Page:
Created for relationship

May 20, 2007

“It is for this one reason – dynamic relationship – that the human species was created.  We were designed by God for God.  God created us out of the love relationship of the divine, and Adam and Eve were the offspring of that love.  God created Adam and Eve so that there could be a relationship on Earth between humans and God like that in the heavens among the Godhead itself.  If heaven is defined as union with God, then eternity is a relationship

Sin is not primarily rebellion against God’s laws or an assault on moral principles.  Sin is an offense because it violates our relationship with God….God wants our obedience in the context of a relationship – which far exceeds unthinking obedience played out in a vacuum.  God wants our hearts, our minds, our bodies, our souls.  God wants our love.


God created us for two-way conversations – for full-blown, no-holds-barred conversations.  God wants us to be fully engaged in the exchange.”


Leonard Sweet

“Out of the Question…Into the Mystery”

Waterbrook, 2004

pg 54


Beyond a cause

May 19, 2007

‘I’m asking Yahweh for one thing,Only one thing:To live with him in his house my whole life long.I’ll contemplate his beauty;I’ll study at his feet’.


Only one thing? 

‘For me to live is Christ and to die is gainfor I determined not to know anything among youexcept Jesus Christ and Him crucified’.‘I count all things loss….That I may know Him’. Paul  ‘Come to me oh you who labour and are heavily laden’.


 ‘Incline your ear and come to Me; hear and your soul shall live. Listen diligently to Me and eat what is good and your soul shall delight itself in abundance’.

Isaiah on behalf of Jesus.  These were men who knew what they were talking about. Both Paul and Isaiah saw God and had a profound change happen in their lives. Jesus’ focus was already in the right place. He didn’t have to be turned away from anything because He only lived for His Father. Both the other gentlemen had to develop a new focus. They had to be turned through an experience that opened their eyes. I am not talking about conversion as in becoming born again; I am talking about conversion as in a change of focus.Paul was pursuing a cause that consumed his life. When he saw God, everything changed. David was a man who was after the heart of God: ‘only one thing mattered’.The fight for a cause, whether it is evangelism for the Evangelicals, believers baptism for the Baptists, the Holy Spirit for the Pentecostals, the gifts, prophecy and healing for the Charismatics or the wineskin (how we are different) for the Emergents, can be a lonely road. I have lost my focus every time when I tried to find my way in the fog of reasoning and conversation about any of these topics. It cost me much lost time and effort and very nearly killed me through burn out.

I am an ‘evangelical, Spirit filled, baptized, prophetic, post modern emerging Christian’ who found his goal and fulfillment in the last word of the description.Our quest is still in our deepest being to find out who we are. We need identity and it is easier to identify with a cause, a philosophy or a physical structure than with a person we can’t see or feel. So I want to become ‘a Post Modernist’ or an ‘Evangelical’ or a ‘Pentecostal’, or a ‘Catholic’ or for that matter if it is relevant, ‘a Gay’, because then I can be part of a group that gives me some form of acceptance and safety in the fact that we are different and together in our difference.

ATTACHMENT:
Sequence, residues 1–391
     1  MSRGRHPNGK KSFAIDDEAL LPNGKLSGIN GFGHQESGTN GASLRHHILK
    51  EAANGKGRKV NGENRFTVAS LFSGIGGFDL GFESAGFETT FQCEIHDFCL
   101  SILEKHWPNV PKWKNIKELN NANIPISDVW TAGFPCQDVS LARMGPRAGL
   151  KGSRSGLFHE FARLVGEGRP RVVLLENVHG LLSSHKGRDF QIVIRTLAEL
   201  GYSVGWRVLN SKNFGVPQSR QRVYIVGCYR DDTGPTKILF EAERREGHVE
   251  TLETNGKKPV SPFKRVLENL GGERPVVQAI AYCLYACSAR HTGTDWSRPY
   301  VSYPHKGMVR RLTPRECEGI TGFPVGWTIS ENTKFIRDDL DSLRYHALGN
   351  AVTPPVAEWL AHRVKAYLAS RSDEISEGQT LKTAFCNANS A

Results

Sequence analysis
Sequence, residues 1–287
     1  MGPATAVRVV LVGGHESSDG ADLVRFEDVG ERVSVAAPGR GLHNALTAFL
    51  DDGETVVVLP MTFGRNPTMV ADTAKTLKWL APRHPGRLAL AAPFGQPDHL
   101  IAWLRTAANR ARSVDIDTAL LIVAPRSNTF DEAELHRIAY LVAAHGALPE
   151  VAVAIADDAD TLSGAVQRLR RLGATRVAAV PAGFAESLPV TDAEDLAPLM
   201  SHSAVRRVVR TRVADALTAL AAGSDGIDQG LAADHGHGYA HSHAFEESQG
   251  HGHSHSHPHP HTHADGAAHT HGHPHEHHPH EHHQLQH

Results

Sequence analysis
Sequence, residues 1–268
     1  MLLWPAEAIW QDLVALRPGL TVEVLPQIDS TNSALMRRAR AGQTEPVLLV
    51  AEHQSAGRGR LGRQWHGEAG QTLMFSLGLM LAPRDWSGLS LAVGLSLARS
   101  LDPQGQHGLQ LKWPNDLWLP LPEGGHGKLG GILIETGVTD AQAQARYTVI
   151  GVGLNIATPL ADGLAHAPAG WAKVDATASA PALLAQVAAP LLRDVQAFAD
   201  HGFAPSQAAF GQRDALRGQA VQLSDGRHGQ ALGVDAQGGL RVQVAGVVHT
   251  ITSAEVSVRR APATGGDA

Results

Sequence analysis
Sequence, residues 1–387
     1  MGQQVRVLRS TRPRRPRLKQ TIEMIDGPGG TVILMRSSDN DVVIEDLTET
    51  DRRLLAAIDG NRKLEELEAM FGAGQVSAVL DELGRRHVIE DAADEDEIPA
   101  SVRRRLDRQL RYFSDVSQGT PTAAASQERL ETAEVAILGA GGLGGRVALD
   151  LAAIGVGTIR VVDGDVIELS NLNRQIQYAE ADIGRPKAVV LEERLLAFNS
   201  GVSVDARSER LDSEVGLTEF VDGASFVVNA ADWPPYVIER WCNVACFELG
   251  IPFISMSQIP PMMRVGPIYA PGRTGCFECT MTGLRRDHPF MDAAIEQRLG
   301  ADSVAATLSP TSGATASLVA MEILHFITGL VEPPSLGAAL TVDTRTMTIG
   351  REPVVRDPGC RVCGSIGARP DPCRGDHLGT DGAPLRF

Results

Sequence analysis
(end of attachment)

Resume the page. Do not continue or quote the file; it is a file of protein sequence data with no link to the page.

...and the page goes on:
We can have only one identity and that is Christ. We should only be seeking our new identity in Him. Our lives and our conversation should be about Him if we believe that Paul, David, Isaiah and Jesus had something valid to say: ‘only one thing do I seek…’ I have discovered after many years of journeying what St. Augustine meant when he said, ‘Too late loved I thee, O Thou beauty of ancient days, yet ever new! Too late I loved Thee! And behold, Thou wert within and I abroad and there I searched for Thee; deformed I, plunging amid those fair forms which Thou hast made. Thou wert with me but I was not with Thee. When I shall with my whole soul cleave to Thee, I shall nowhere have sorrow or labour, and my life shall live as wholly full of Thee’.

Is this the practical outworking of Rollins’ statement (pg 56)?

“Truth is God, and having knowledge of the Truth is evidenced not in a doctrinal statement, but in allowing that Truth to be incarnated in one’s life.” 

The Bible Story = Love

May 12, 2007

What is the Bible, Anyway?

“The Scriptures are many things – letters, parables, sermons, poems, histories, biographies, liturgies, songs. But behind all these multiple literary genres, the backdrop of everything is the greatest love story ever told. What if God means for all of Scripture to be God’s love story to us? What if God never intended the Bible to be strip-mined for propositions, or dissected and analyzed like a stiff leopard frog pulled from a bottle of formaldehyde? What if God never wanted the Bible to be turned into an interesting library of varied and profound literature or a stringent code of conduct?
What if the Bible instead is our shoebox full of love letters, our living library of family scrapbooks and diaries that connect us to our ancestors, helping us know them so we can know ourselves and understand what our family name stands for. What if it’s our storyboard of relationships from which we learn how to form friendships and deal with the people and problems we encounter?